Wednesday, September 15, 2010

Lessons Learned

In a weird way I think this series was a positive. The Yankees lost the series, but they played playoff baseball in all three games, all of which were decided by one run. They did this without two starters in Swisher and Gardner, which left them very short, and I was proud of the way they played for the most part in light of that and despite the poor overall result. Had they not been playing absolutely horrendous baseball entering this series, I think their offensive woes wouldn't have seemed like as big a deal. Because the bottom line is that this is how playoff games get played. There's going to be 1-0 and 4-3 and games where you score early but then can't score late and need your bullpen to hold on until you can win 8-7. That's not an excuse, because this offense needs to do more, but we'll get to that.

I think this series was good for two reasons. First, as I mentioned, the Yankees played pretty good baseball. Their bullpen, which quietly has the best bullpen ERA in the American League, allowed two runs in 8.2 innings of work in this series. They got very big hits late in games in games 2 and 3 of this series. They got an absolutely dominant performance from their ace, and they got an extremely good and encouraging performance from one of their rotation question marks (Hughes) outside of two bad pitches, which we will also be getting to. While they lost the series they easily could have won all three games. The playoffs is all about being in close games and then making the plays and hopefully getting the breaks to win them. So if they pay attention to the second reason why this series was good, they can turn a negative into a positive.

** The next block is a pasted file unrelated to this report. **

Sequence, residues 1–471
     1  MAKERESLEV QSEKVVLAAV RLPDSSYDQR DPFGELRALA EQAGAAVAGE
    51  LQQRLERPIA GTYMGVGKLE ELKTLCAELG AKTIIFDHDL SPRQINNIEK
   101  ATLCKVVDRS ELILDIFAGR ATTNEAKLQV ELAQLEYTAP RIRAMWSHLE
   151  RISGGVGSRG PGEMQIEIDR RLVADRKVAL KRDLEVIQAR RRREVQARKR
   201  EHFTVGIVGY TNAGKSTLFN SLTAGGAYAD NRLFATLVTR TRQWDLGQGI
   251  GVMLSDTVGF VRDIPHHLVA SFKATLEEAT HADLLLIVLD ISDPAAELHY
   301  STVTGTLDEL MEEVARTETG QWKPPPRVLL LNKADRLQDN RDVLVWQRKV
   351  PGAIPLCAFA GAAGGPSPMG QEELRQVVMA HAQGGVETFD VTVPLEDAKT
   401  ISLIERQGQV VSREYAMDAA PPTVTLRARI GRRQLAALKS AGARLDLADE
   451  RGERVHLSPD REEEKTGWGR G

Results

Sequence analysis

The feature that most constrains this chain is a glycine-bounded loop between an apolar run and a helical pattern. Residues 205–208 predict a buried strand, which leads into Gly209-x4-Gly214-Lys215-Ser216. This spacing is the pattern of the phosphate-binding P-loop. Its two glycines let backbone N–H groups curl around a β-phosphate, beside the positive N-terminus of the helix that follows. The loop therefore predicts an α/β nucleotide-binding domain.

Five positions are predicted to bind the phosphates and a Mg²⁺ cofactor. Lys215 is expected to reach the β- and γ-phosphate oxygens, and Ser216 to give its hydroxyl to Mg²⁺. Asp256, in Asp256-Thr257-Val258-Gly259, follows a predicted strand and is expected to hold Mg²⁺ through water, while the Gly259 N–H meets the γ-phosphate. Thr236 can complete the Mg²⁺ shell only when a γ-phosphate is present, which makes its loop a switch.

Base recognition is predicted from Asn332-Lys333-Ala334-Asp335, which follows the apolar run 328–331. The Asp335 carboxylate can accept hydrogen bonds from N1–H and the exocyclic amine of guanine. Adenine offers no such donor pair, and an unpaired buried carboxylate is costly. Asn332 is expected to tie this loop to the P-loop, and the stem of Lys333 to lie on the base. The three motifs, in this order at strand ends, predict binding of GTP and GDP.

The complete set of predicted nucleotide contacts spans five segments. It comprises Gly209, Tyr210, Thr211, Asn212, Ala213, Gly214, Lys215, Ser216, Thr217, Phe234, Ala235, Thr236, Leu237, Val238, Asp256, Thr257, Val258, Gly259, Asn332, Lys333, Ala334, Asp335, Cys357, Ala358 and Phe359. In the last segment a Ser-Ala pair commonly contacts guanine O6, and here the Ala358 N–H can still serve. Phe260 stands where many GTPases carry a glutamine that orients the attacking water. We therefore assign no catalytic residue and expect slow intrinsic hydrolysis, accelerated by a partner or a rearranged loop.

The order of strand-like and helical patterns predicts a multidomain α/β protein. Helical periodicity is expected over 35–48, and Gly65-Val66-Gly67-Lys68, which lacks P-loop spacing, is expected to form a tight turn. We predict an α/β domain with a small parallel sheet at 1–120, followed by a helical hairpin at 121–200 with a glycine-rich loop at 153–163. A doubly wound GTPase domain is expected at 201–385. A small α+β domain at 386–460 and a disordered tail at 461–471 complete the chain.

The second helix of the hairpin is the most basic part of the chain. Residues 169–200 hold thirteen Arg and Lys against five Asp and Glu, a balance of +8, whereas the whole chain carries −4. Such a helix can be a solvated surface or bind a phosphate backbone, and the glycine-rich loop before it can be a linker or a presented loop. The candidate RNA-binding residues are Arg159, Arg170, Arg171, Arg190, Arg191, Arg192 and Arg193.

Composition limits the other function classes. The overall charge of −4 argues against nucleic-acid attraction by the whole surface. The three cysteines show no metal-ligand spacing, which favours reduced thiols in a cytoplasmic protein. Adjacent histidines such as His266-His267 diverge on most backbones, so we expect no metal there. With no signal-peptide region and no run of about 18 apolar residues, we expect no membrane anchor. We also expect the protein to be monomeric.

This series was, I think, a good learning experience for this particular ball club. If there is anything that hasn't felt quite right this year at times is that this team doesn't have that little extra something that the 2009 team had start to finish. It's that something that special teams have and just very good teams don't. I realize this is one of the more anti-new-age baseball theory things you can say, but I really believe in it. Some teams know how to finish, others don't. I think the Yankees learned what finishing, having that little extra something that separates you at the end of games, is all about. At least they should have learned it, because they definitely saw it happen to them first hand. They were right there in position to do it, and I think were moving in the right direction to do it, but they just didn't. If they can walk away from this series knowing what those things are, then it can potentially be a good thing when it counts.

What are these things?

- Getting runners in from 3rd with less than 2 outs. This has become an absurd problem for this team. They left two runners in that situation tonight. They blew two chances to do it Friday in Texas. Two more Saturday in Texas. Chances are if they get these in they win 2 of those 3 games since all were decided by one run. You just can't do this, you have to get those runs in.

- Finding a way to score one run of elite pitching. C.C. Sabathia is an absolutely ridiculous starting pitcher. He's one of the best I've ever watched. The way he elevates his game as the spot gets bigger is amazing. However, he is usually matched up against other similarly talented pitchers. You can't afford to waste these starts because you can't score against that pitcher. The Yankees should be able to score against most anybody better than other offenses should be able to score against C.C. This also goes for the times when C.C. isn't pitching as well, you just have to be able to find a way to get that one run or couple of runs that you need. Monday was an embarrassment. This offense has to do more, especially against top flight pitching.